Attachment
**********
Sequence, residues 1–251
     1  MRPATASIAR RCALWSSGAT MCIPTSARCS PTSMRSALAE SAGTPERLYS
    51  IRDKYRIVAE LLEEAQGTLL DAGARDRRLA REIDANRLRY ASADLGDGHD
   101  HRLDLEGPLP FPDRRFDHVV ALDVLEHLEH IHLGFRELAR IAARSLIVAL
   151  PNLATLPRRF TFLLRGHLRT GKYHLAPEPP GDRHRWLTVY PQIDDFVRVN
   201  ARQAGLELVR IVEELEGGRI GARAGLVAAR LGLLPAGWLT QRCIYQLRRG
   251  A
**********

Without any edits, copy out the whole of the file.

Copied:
Sequence, residues 1–251
     1  MRPATASIAR RCALWSSGAT MCIPTSARCS PTSMRSALAE SAGTPERLYS
    51  IRDKYRIVAE LLEEAQGTLL DAGARDRRLA REIDANRLRY ASADLGDGHD
   101  HRLDLEGPLP FPDRRFDHVV ALDVLEHLEH IHLGFRELAR IAARSLIVAL
   151  PNLATLPRRF TFLLRGHLRT GKYHLAPEPP GDRHRWLTVY PQIDDFVRVN
   201  ARQAGLELVR IVEELEGGRI GARAGLVAAR LGLLPAGWLT QRCIYQLRRG
   251  A